Want to be part of our audience? We will post information on how to get free passes about a week before each taping. Follow us on Facebook and Twitter for notice of postings.

Taping recap: Norah Jones

photo by Scott Newton

Norah Jones is a longtime friend of Austin City Limits, so we’re always happy to have the Texas native back on our stage. For her fourth visit, the nine-time Grammy Award-winner performed selections from her latest album Day Breaks, alongside choice gems from her multi-platinum 2002 breakout debut Come Away With Me.  Critics have hailed the jazz-inflected Day Breaks as a kindred spirit to the landmark Come Away With Me, expanding on its bestselling sound by incorporating the musical influences she’s absorbed since her breakthrough.

Jones and her five-piece band took the stage for the title track of Day Breaks, its gentle funk underpinning her melancholy lines about “raining in my heart.” Making the debt to her debut explicit, she then went into the overtly jazzy “I’ve Got to See You Again,” from Come Away With Me. Joined only by bassist Josh Lattanzi and drummer Greg Wieczorek, Jones performed an elegant take on Horace Silver’s standard “Peace.” Guitarist Jason Roberts and keyboardist Pete Remm came back to the stage for a return to Come Away via the light, folky “Something is Calling You,” enhanced by flautist Jacob Duncan. Jones and band, with guest steel player Dan Iyeta, then essayed a countrified take on Neil Young’s classic “Don’t Be Denied,” another cut from Day Breaks. Duncan returned on sax for “Burn,” an ethereal epic that took full advantage of Jones’ underrated piano skills.

Jones strapped on a guitar and reached into the catalog of Puss N Boots, her alt.country side band, for the two-stepping “Hey You.” Iyeta returned to the stage as Jones moved to her electric piano for the soulful ballad “Rosie’s Lullaby,” then it was back to the guitar for “Nightingale,” a widescreen tune from Come Away With Me highlighting Roberts’ rocking guitar solos. She returned to her signature grand piano stylings for the jazzy pop tune “Tragedy” and the lovely piano ballad (with pedal steel enhancement) “Humble Me.” She went back to Day Breaks for the smoky “Sleeping Wild,” before really digging into her jazz training for a stunning cover of Duke Ellington’s “Fleurette Africaine” (“African Flower”), humming the melody with Duncan’s alto sax in tow.

The rest of the band came back for the galloping rocker “Flipside,” before ending the main set with “Carry On,” a bluesy ballad with gospel organ that’s tailor-made for a set-closer. The crowd showed its appreciation, even more so when Jones returned, acoustic guitar in hand, with Lattanzi on double bass, Roberts on resonator guitar and Wieczorek on portable snare. The quartet pulled a surprising cover out of its collective hat: the Grateful Dead’s “Ripple,” reimagined as a folk classic.  It was a fitting way to bring a gorgeous show to a close, and we can’t wait for you to see it when it airs this fall on your local PBS station.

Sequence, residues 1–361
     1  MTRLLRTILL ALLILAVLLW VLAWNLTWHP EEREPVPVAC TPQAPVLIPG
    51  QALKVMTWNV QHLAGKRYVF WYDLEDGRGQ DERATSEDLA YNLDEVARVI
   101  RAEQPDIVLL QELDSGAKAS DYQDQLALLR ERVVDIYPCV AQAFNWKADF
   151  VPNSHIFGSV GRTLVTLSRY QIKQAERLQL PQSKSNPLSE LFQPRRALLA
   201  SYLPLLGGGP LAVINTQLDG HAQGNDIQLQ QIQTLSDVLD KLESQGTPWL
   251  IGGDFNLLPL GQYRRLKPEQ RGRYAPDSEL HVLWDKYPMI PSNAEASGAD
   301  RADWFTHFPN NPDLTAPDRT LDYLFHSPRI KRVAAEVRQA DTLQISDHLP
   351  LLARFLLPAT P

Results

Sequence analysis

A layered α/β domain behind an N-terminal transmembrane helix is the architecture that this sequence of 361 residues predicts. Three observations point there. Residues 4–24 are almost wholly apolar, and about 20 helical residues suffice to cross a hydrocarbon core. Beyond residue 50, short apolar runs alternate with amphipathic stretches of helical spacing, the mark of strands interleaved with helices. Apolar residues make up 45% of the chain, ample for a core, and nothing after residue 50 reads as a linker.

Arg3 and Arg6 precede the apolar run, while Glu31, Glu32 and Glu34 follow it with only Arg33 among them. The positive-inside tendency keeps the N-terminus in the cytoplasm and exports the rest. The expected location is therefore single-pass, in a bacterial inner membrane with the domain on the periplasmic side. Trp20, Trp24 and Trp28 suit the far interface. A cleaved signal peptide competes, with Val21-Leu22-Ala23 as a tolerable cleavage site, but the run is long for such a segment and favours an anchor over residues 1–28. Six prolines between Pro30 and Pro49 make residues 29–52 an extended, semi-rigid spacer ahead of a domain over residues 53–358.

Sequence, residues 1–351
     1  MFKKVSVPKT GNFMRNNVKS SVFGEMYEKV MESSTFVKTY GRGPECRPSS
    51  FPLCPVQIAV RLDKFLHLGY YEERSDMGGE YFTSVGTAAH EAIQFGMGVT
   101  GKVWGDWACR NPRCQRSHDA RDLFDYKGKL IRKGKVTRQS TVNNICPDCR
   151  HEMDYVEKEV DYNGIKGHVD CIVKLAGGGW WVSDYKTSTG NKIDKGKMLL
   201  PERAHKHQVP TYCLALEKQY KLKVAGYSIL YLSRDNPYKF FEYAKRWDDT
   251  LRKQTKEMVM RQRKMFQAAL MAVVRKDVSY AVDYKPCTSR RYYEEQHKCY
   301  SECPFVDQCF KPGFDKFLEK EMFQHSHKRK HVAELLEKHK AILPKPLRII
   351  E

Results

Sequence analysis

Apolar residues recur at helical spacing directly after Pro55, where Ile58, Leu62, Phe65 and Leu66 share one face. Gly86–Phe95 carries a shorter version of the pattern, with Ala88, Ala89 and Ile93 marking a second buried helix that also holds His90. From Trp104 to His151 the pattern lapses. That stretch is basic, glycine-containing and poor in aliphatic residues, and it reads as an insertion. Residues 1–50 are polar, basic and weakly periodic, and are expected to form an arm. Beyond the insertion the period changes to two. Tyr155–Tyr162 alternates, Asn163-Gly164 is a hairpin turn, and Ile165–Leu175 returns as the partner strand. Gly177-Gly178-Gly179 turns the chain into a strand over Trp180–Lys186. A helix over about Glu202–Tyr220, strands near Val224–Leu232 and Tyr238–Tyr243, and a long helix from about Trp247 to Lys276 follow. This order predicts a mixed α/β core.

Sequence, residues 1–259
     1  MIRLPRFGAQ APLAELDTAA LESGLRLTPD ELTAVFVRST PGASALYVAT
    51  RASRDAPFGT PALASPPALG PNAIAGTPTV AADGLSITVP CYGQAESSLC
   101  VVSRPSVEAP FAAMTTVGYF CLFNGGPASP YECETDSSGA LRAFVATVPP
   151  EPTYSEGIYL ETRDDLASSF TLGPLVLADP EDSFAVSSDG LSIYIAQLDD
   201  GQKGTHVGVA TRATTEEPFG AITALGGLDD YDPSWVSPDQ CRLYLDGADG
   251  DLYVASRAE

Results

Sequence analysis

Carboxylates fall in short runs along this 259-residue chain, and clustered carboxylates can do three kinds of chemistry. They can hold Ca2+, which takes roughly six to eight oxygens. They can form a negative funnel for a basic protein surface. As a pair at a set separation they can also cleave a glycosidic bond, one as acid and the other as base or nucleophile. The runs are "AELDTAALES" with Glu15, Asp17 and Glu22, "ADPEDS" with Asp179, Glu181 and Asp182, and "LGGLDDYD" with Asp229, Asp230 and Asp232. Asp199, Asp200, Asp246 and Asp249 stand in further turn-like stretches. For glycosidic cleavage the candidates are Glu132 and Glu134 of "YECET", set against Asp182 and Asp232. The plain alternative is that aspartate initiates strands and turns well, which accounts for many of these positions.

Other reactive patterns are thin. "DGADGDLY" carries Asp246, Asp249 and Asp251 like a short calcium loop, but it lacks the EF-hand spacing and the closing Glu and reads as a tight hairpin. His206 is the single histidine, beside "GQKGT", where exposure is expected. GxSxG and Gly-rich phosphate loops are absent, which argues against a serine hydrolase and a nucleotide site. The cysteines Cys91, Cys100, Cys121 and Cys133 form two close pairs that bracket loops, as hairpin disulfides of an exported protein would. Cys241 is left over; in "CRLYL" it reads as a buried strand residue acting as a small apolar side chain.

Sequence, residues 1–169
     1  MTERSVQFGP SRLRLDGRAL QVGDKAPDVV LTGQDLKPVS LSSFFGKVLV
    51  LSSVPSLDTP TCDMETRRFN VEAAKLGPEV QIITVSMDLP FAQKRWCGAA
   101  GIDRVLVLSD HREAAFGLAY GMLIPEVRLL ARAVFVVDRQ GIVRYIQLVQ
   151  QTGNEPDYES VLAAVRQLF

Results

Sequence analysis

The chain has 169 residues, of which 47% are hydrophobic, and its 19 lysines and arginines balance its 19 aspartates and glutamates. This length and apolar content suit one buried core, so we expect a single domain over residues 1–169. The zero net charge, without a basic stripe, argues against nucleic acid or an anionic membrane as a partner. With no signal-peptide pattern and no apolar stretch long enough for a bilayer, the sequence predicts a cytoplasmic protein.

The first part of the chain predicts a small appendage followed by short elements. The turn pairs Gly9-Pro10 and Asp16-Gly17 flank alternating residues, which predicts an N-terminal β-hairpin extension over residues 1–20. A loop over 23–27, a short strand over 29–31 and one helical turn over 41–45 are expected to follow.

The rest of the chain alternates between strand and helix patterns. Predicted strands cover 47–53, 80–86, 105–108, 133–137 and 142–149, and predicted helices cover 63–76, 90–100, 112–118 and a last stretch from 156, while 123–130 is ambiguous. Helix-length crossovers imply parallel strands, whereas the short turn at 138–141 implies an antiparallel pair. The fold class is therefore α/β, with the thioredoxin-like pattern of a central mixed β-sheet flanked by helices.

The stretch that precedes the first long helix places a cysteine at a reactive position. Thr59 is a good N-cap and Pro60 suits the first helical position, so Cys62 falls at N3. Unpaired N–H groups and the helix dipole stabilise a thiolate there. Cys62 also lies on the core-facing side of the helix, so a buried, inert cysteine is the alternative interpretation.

Taping recap: The Black Angels

photo by Scott Newton

It’s no surprise that we at ACL love to showcase Austin’s finest acts when we have the opportunity. So we were thrilled to welcome back Central Texas’ modern psychedelic sons The Black Angels for their livestreamed second appearance. Performing the entirety of their latest album, the critically-acclaimed Death Song, alongside crowd favorites, the Angels delivered a scorching set of darkly droning, acid-kissed rock & roll.

Surrounded by screens projecting trippy kaleidoscopic images, the band kicked things off with new album opener “Currency” a politcally charged tirade that rolled off the stage on a wave of reverb anchored by frontman Alex Maas’ keening vocals. A twanging guitar line signaled the start of “The Prodigal Sun,” from the band’s striking debut Passover, much to the approval of the crowd. Backed by the otherworldly display of abstract lighting, the Angels launched into the droning but rocking “Entrance Song,” before upping the energy level for “Better Off Alone.” The quintet returned to the new record for the menacing “I Dreamt,” aptly displaying the darker side of the hippie dream as implied by their name. The rhythm-driven “Medicine” added a side of funk to the group’s smoky acid rock, while “Hunt Me Down” glowered its way through the grungy riffs of guitarists Christian Bland and Jake Garcia.